: Challenging AssumptionsAuthor
: Jedi ButtercupDisclaimer
: The words are mine; the worlds are not. I claim nothing but the plot.Rating
: B:tVS, SG-1. In a universe where a woman who knew nothing of modern technology could create organically based cold fusion, Sam was willing to concede that anything was possible. It just hadn't occurred to her to extend that concept to her own planet... and daughter
: B:tVS through 2.22 "Becoming, Part 2". Stargate SG-1 through 2.03 "Prisoners".Notes
: For kerravonsen. With many apologies for the delay.
Captain Samantha Carter sighed and shuffled through the pile of file folders on her desk again, idly checking the front sheet in each one to see if there might have been some pertinent detail she'd missed. How could it possibly be so difficult to find even a temporary replacement for her position on SG-1? Of course her clearance level was a factor, and her degree of education and experience, not to mention her fitness and desire for a field position-- but even so, there had to be dozens
of would-be astronauts like she'd been before joining the SGC who would leap at the chance to step into a role on a first-contact and exploration team.
Unfortunately, most of the best options currently employed by the SGC-- Lieutenant Altman, for example-- already had SG team assignments, and Sam hated to break up two
functioning units just because she'd chosen to reduce the risk that she might not come home to her newly rediscovered daughter. Those who did not
have assignments were mostly civilian, and the options were... something less than inspirational. Dr. Lee was intelligent, but lacked the imagination and desire a regular field role required; Dr. Felger was almost too
imaginative and adventurous; Dr. Hamilton would be a disaster on any team with mixed military and scientific goals; and so on, and so forth. Some were disastrously out of shape, some had already expressed opinions that would discourage their placement on the same team with an alien and former enemy combatant like Teal'c, and some would simply be a terrible fit overall.
A scientist who lacked self-assurance would be a liability in difficult situations when their contribution could be crucial, for example. Too much
arrogance would be equally problematic, though, especially when dealing with a commanding officer like Colonel O'Neill. She could just imagine Jack's reaction to Dr. Rodney McKay, one of the more prominent consultants employed by Area 51; genius or not, the man's tendency to behave as though he were the gravitational center of his own universe would cause considerable friction, to put it mildly. Dr. Henry Deacon would be a far better choice-- he'd worked for NASA for years and had all the necessary qualifications without the arrogance-- but last she'd heard he was being courted by a think tank out in Oregon run by one of his former protégées.
She closed the last folder with a frown and propped her chin up on her hands, thoughts drifting from one seemingly insoluble problem to the other currently haunting her. Beth. No, Buffy; that was
her daughter's name, ridiculous as it was, and she really should start using it. The other nickname still reminded Sam more of the tiny baby she'd given up seventeen years ago than the moody, vulnerable teenager taking refuge with her now. While she'd accepted and catered to Buffy's obvious desire for a safe, reminder-free space prior to the other night's revelations, she wasn't sure that would be the best option for them going forward.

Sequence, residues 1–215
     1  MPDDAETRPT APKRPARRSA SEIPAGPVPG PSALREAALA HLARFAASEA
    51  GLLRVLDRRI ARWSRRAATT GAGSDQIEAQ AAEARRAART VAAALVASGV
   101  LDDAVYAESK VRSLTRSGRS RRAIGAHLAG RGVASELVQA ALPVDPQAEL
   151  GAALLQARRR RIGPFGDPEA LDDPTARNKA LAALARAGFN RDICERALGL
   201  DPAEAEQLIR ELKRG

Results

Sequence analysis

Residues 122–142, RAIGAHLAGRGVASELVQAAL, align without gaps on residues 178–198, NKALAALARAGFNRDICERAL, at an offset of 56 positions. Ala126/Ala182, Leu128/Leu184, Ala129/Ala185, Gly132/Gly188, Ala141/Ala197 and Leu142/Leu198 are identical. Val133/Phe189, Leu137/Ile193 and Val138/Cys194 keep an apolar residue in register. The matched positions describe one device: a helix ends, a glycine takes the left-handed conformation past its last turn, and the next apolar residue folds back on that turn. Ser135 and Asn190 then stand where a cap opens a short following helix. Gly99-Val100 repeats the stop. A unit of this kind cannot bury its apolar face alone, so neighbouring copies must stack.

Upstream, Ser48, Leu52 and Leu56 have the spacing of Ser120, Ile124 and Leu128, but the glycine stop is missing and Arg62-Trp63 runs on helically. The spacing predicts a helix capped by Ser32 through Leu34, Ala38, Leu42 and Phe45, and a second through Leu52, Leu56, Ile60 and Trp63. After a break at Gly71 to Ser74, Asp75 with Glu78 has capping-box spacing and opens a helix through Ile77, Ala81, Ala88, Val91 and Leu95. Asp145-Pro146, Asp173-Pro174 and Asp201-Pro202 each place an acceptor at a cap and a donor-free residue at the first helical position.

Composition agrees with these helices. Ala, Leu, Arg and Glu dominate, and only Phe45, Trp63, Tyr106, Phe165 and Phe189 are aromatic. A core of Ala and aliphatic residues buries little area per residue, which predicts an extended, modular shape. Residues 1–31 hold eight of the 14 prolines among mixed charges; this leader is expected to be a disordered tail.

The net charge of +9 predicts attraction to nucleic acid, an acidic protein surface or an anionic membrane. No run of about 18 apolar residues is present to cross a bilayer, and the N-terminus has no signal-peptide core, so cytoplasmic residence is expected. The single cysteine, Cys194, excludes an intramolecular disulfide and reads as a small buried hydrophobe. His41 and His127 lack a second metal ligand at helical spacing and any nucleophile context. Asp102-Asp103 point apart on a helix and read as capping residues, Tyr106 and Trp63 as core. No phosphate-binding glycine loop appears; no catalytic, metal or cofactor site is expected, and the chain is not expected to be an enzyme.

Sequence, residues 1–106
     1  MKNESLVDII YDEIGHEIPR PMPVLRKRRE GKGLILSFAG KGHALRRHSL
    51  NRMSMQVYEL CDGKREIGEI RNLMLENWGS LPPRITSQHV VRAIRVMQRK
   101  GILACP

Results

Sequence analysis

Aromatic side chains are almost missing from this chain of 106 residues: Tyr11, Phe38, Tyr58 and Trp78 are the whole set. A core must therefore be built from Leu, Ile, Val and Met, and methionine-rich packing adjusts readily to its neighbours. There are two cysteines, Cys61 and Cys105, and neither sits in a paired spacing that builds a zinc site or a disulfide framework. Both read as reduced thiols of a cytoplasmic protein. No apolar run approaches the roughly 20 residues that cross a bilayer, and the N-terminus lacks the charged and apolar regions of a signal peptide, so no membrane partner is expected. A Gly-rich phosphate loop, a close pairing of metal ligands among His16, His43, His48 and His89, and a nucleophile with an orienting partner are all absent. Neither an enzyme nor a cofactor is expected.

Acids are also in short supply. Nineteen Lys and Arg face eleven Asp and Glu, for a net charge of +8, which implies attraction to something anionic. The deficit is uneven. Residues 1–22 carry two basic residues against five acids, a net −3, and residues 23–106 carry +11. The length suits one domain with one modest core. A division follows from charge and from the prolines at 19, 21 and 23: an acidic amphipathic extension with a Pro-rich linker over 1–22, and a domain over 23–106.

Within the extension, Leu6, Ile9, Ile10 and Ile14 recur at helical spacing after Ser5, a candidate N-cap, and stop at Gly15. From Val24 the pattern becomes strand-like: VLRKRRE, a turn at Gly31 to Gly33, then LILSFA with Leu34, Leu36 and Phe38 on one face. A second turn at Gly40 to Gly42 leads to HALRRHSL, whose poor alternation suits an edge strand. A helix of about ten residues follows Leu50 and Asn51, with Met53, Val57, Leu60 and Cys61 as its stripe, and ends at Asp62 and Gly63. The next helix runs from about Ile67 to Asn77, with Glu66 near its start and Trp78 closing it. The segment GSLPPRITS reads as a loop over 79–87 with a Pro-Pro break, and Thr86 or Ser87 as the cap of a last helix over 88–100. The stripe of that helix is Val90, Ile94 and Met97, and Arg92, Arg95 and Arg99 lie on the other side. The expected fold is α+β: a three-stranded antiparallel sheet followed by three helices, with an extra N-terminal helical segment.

There were no two ways about it; Sam simply couldn't unhear what her daughter had told her. It was time to either declare Buffy disturbed and sign her up for therapy-- a tactic that had not worked for Joyce, and could easily drive the troubled young woman to run away again-- or accept that she had told Sam the truth as she saw it, and support
her. In either case it wouldn't serve either of them to pretend nothing had changed, or to let Buffy continue to hide from the past that had driven her there.
"Penny for your thoughts?" Dr. Frasier said, poking her head in at the door.
Sam sat up straighter in her chair and gave her red-haired friend a tired smile. "I think they're worth more on the order of sixty-four thousand dollars today," she said wryly.
Janet's eyebrows went up; then she smiled sympathetically and walked further into the room, carefully shutting the door behind her. "Impossible questions? And I'm guessing they have more to do with your daughter than choosing a replacement," she said, taking a seat in front of Sam's desk.
"Is it that obvious? Or is the voice of experience speaking?" Sam asked her.
"Honestly?" Janet replied. "A little of both. You do seem tired and a little worried, and most of the base has heard about your daughter by now; I think anyone could guess as much. Specifically, though, I am
raising a girl from a completely alien culture. Cassie's a delight-- she's bright, and caring, and I look forward to seeing the woman she's going to grow up to become-- but she does have unique challenges, when her basic assumptions about the way the world works unexpectedly clash with ours. I've seen that expression you're wearing in the mirror several times, when she's said something that I'm completely unsure how to handle."
Sam stared at Janet a minute as the comparison percolated through weary thoughts, then shook her head with a laugh. "I hadn't thought about it that way before," she said. "You're right, it really is as though she's from a completely different culture-- and I'm not talking about California. That could explain her stranger abilities and experiences, as well."
Janet stared back at her, startled. "Strange experiences?" she said. "Are you telling me you have reason to believe that Beth has had contact with nonhuman beings? How? And why haven't you said anything before?"
"She hadn't told me before," Sam said. "I think she was worried that I'd react badly, like Joyce did, but after the team got back from Hadante she told me she thought I should know the real reason she came here."
Janet nodded thoughtfully at that. "She'd already faced the idea of losing you when you were two days overdue," she said, solemnly. "It would have hurt less for you to reject her then, than if it had happened later on when she wasn't prepared for it." She paused then, studying Sam's expression in more depth. "You didn't
reject her, did you?"
Sam shook her head vehemently. "No. I just-- it's been a little awkward. I've had a hard time believing some of the things she's told me, but I don't want to send her away again, either. But if I reframe the problem as though she were from another planet instead of Sunnydale-- not literally, but in that I've been making certain assumptions regarding what is and is not possible based on the normal range of human experiences-- her story doesn't seem quite as crazy."